There is no such thing as impact, but only proof of impact (first part)
Oct 26, 2018
I. The impact investment market is taking shape and gaining momentum...The impact investment market is currently experiencing strong growth, fueled by the keen appetite of investors around the world and by the ever-increasing needs present on the ground. In 2018, 229 organizations took part in the Global Impact Investment Network (GIIN)'s seventh Annual Impact Investor Survey and reported having invested $35 billion into more than 11,000 deals in 2017 alone. Respondents also indicated they expected their business to grow by 8% in 2017, confirming the positive trend anticipated for this market. Many investors have indeed begun rethinking their approach to impact investment, adapting existing tools or creating specific instruments to this new form of financing. Some such examples include the Social Business facility fund created by Proparco, the private sector affiliate of the French Development Agency, and an "Impact Investment" envelope now managed by the European Investment Bank. Others, such as the European Commission and the World Bank, have built major impact investing vehicles from budgetary resources. These dedicated financing tools reflect a growing interest in impact investment on the part of development financial institutions (DFIs) and may be the first steps of large-scale deployment with private capital crowding-in. Private funders are also showing a growing interest in impact investment. A large number of banking and insurance groups have created and now implement "funds of impact funds". This approach is not only part of their CSR policies, but also responds to a strong demand from subscribers and clients who wish to mobilize their savings for causes with a social and/or environmental impact. A particularly noteworthy initiative in terms of size and approach can be highlighted in this area: AXA Investment Managers, which is currently investing a €150 million fund of impact funds. The AXA IM team, composed of financial professionals and impact and specialized lawyers, is able to study with a cross-cutting approach all impact investment opportunities that may exist today on the market in all sectors and all geographies. Other leading French players, such as Natixis (Mirova) and Amundi are also involved moving in the same direction, with their own terms and conditions. Along with this growing interest in and proliferation of “impact” initiatives, endless discussions in the world of impact investing are being had to try and define what "impact" is. In fact, it is very difficult to define it precisely because there are as many forms of "impact investment" as there are impact funds. Each impact team determines a cause of general interest to which it intends to contribute, defines an investment strategy to support a target - often under-served - and designs an impact measurement system adapted to its targeted issue. Finding a common framework for measuring impact has seemed to be the answer to these definition problems. But here too, each impact thesis has its own indicators and its own impact measurement system. Impact Washing - A Threat to the Impact Industry As impact investment has gained in popularity, the temptation has become ever greater for profit-oriented public or private funds to complete their investment thesis with a speech on their social impact. In some cases, companies declare themselves impact vehicles in order to optimize their chances of attracting investors.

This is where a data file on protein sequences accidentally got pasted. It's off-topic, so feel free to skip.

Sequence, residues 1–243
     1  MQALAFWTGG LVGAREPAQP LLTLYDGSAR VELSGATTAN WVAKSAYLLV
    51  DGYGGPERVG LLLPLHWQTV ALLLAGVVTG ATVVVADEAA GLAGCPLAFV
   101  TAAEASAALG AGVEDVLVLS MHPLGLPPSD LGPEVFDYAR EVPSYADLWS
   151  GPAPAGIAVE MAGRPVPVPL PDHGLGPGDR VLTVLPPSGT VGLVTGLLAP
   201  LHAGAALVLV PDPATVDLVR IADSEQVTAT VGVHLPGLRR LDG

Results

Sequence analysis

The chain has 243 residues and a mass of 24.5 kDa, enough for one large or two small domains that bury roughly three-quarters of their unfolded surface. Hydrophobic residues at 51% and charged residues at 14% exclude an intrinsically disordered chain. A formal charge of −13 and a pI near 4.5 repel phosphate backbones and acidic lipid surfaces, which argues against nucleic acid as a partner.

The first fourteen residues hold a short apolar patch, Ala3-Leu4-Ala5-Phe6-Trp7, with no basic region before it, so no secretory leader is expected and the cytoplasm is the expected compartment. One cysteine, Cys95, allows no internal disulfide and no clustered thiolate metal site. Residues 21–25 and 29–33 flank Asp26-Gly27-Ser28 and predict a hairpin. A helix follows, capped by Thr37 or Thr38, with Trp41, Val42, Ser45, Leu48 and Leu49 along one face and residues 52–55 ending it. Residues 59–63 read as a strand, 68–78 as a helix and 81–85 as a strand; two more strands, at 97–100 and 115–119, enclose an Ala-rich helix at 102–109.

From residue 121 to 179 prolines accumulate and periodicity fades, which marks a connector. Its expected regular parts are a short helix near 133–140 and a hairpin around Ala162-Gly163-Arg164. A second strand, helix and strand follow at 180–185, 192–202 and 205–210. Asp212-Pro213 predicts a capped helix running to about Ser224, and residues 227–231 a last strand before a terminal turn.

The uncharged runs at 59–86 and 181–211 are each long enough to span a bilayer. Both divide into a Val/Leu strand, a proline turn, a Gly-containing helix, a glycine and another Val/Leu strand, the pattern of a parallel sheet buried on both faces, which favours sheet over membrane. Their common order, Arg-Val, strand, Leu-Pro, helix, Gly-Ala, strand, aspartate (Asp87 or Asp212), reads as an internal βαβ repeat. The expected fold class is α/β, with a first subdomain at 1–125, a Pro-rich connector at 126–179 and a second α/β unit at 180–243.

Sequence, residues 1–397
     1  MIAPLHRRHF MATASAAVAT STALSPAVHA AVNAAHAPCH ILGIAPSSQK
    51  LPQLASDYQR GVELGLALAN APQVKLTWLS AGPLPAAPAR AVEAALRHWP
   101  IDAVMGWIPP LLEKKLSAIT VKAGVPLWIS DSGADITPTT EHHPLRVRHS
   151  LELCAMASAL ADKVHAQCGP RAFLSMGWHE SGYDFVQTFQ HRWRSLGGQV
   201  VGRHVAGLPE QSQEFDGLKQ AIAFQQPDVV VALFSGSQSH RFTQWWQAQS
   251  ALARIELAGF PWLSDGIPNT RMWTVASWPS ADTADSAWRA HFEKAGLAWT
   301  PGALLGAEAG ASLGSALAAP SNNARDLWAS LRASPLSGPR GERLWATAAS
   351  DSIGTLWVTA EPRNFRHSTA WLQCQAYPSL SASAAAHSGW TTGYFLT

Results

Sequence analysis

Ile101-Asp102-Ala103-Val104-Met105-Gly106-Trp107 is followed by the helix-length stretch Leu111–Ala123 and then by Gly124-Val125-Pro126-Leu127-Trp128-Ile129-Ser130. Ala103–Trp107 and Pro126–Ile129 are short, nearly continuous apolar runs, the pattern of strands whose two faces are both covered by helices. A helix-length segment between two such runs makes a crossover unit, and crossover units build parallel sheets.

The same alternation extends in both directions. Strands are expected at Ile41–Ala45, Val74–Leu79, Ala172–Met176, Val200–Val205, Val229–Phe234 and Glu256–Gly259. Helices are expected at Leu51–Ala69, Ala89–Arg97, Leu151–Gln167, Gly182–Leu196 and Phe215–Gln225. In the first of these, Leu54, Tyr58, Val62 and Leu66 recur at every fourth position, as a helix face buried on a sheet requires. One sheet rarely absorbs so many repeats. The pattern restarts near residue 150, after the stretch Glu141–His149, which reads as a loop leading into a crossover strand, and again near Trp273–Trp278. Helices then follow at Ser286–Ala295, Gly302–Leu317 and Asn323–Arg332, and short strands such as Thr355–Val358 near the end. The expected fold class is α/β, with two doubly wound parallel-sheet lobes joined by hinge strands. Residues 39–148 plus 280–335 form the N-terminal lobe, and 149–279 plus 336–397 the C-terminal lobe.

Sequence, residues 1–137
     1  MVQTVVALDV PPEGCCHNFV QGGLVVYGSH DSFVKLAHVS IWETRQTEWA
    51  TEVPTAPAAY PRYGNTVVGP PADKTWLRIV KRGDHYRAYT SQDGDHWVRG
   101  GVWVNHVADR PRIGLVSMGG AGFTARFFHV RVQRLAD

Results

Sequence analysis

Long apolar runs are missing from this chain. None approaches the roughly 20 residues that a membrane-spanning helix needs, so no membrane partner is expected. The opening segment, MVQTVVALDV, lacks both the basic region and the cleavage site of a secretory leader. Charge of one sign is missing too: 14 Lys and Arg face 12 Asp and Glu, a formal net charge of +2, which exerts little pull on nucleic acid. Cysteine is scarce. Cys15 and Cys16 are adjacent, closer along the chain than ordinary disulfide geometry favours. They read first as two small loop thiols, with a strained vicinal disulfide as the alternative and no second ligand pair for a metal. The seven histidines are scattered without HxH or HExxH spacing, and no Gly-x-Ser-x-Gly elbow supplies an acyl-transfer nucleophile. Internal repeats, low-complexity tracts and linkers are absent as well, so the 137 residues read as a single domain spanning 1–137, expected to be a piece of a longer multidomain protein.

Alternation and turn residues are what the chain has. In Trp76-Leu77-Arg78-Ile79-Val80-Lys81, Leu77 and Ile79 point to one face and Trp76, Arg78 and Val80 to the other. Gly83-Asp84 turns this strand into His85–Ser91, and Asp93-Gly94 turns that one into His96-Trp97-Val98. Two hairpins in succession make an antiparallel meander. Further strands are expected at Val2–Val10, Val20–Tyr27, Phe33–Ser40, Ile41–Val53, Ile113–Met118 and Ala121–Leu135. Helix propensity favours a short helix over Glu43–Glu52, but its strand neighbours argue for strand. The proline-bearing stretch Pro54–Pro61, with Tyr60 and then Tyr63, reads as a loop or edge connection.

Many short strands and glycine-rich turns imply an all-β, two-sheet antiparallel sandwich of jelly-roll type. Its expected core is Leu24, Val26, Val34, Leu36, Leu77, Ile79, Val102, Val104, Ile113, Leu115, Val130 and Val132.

These practices are known as “impact washing”. In the vast majority of cases, the impact speech consists of a presentation of the fund’s contribution to employment, growth, or a particular sector or theme. However, these are typically impacts that any well-managed company could generate. Well-managed companies indeed have positive net impacts on society and the economy: if this were not the case, there would be no legitimacy for the capitalist or liberal system. To qualify such effects as “impact investing” is misleading: it implies that there is no trade-off, in any case, between profit and impact - and therefore that investments with weak returns are simply bad investments. Defining a common framework is the key challenge that will be faced by the impact investment market and all of the actors that drive it. Making a clear distinction between serious, rigorous and resolutely oriented public interest initiatives and those which tint conventional or responsible investment strategies with the polish of impact is vital to the integrity and legitimacy of true impact investment. We are at a critical stage in the development of the sector. In order to enable it to grow on sound and solid foundations, it is essential to provide it with common, concrete and measureable frameworks. The Global Impact Investing Network (GIIN) defines impact investments as “investments made in companies, organizations, and funds with the intention of generating a social and environmental impact coupled with a financial return.” Intentionality is at the heart of the definition of impact investing. However, intentionality is by definition of a declarative nature and does not necessarily translate into action. The purpose of this article is to provide a frame of reference for those who wish to make their intentionality more tangible, to adhere to the transparency and credibility of the sector as a whole and to make it more difficult to use the claim of impact investing as a trendy marketing strategy… Our goal is to:
- Enable a better understanding of the sector through an open and transparent approach
- Share good practices and proven tools, promote their harmonization and increase the professionalization of actors
- Mobilize additional funding towards impact funds by promoting better knowledge and ownership of backers.